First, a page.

Search This Blog

Tuesday, June 5, 2012

Pew Poll on Partisan Polarization

Our chapter on political parties discusses partisan polarization, the movement away from each other on philosophies  and specific issues The Pew Research Center provides more evidence in its latest American Values survey, conducted April 4-15, 2012, among 3,008 adults nationwide.
In 1987, midway through Ronald Reagan’s second term in office, party was one among many fundamental cleavages in American society. Republicans and Democrats held different values, but the differences were on par with the differences of opinion between blacks and whites, wealthy and poor, or college grads and those without a college degree.
This is no longer the case. Since 1987 – and particularly over just the past decade – the country has experienced a stark increase in partisan polarization. Across 48 different questions covering values about government, foreign policy, social and economic issues and other realms, the average difference between the opinions of Republicans and Democrats now stands at 18 percentage points. This is nearly twice the size of the gap in surveys conducted from 1987-2002.
The growing divide between Democrats and Republicans spans a wide range of beliefs, with record-wide gaps for many value dimensions Pew Research has tracked over the past 20 to 25 years. In most cases, this represents a widening of already existing partisan differences – particularly when it comes to the role of government. For example, Democrats have always been more committed than Republicans to government responsibilities in providing a social safety net and actively addressing inequality in the nation. But in both of those areas, the divide between Democratic and Republican values has nearly doubled over the past quarter century.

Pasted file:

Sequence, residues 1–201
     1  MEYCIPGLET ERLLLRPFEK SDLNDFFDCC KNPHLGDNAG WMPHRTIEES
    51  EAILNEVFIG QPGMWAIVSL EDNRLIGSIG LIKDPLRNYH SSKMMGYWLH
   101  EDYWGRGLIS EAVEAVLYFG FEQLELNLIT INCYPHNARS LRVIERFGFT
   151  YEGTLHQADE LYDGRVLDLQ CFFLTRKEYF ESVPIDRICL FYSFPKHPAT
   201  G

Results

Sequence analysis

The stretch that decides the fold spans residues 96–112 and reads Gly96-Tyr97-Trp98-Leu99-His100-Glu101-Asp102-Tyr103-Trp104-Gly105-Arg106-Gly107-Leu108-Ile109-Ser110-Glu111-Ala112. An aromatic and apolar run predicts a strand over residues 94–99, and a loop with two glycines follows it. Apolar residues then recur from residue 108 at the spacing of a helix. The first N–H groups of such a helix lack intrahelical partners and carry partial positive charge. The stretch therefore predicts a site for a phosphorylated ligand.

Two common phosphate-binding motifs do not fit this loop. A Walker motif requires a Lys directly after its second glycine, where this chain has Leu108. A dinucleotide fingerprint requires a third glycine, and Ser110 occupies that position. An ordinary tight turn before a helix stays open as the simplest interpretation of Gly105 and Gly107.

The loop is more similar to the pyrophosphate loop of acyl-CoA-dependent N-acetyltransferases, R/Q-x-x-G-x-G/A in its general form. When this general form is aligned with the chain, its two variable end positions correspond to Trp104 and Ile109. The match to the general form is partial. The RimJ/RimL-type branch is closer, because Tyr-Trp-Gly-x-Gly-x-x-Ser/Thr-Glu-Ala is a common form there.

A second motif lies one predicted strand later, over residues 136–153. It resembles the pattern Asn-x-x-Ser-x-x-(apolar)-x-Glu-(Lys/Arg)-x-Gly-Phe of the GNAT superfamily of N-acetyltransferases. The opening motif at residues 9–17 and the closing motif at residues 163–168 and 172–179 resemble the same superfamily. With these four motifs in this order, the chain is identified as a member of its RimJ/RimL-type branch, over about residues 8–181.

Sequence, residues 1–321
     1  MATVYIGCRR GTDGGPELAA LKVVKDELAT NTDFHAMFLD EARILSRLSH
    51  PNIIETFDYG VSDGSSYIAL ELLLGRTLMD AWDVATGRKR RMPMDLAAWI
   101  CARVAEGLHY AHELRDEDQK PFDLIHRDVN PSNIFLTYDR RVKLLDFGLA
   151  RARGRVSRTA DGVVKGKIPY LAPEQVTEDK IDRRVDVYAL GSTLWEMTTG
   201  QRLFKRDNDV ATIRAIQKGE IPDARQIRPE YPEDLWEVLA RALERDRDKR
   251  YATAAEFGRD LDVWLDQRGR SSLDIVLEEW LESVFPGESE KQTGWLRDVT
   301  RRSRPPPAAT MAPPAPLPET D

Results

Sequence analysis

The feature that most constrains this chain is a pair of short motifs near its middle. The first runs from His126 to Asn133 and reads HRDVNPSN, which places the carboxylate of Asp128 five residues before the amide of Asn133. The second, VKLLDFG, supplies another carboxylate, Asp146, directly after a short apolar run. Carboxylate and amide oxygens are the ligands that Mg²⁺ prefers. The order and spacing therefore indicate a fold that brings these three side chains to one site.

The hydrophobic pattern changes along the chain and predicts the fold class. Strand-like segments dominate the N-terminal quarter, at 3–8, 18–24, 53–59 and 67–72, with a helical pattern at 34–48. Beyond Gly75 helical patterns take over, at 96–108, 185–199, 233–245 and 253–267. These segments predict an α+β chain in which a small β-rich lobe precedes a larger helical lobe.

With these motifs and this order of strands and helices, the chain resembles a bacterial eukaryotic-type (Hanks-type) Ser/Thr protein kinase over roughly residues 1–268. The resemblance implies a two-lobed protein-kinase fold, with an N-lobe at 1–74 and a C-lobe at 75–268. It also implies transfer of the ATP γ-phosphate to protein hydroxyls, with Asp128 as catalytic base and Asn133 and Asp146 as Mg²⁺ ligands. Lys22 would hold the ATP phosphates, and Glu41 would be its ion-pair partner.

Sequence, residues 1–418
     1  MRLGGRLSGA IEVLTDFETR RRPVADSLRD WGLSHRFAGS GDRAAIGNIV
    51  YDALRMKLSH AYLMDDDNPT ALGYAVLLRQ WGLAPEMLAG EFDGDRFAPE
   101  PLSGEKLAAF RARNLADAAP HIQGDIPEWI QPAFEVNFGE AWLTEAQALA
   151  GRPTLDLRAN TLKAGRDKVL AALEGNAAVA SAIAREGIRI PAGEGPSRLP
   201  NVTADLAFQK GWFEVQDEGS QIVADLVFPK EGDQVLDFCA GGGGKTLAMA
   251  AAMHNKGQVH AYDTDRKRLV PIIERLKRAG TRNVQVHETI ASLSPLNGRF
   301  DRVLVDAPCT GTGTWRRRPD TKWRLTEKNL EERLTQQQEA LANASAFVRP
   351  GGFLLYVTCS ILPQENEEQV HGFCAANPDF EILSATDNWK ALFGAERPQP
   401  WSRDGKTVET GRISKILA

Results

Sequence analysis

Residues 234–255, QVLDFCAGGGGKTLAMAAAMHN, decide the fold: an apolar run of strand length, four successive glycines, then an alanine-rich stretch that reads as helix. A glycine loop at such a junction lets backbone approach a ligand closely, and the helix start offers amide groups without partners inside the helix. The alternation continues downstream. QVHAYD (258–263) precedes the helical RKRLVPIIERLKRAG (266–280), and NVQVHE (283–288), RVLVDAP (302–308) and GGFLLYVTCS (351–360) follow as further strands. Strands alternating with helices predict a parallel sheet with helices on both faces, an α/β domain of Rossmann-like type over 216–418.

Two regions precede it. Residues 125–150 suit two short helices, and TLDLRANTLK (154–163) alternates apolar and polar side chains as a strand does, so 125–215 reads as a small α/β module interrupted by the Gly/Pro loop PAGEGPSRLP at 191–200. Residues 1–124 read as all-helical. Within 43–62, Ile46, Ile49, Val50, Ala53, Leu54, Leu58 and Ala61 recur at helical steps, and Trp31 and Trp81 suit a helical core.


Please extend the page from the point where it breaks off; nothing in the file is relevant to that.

Views on the importance of environmental protection have arguably been the most pointed area of polarization. When these questions were first asked 20 years ago, there was virtually no disagreement across party lines. Even as recently as 2003, Republicans and Democrats were, on average, only 13 points apart on questions related to the environment. That gap has now tripled to an average of 39 points – one of the largest values gaps in the study.
Religion and social conservatism have also arisen as new partisan divides over this period. When the project was first started in 1987, Democrats and Republicans were equally likely to express strong religious faith, cite the importance of daily prayer and express unwavering faith in God. While broad majorities in both parties continue to hold these views, the share of Democrats who do not has grown substantially.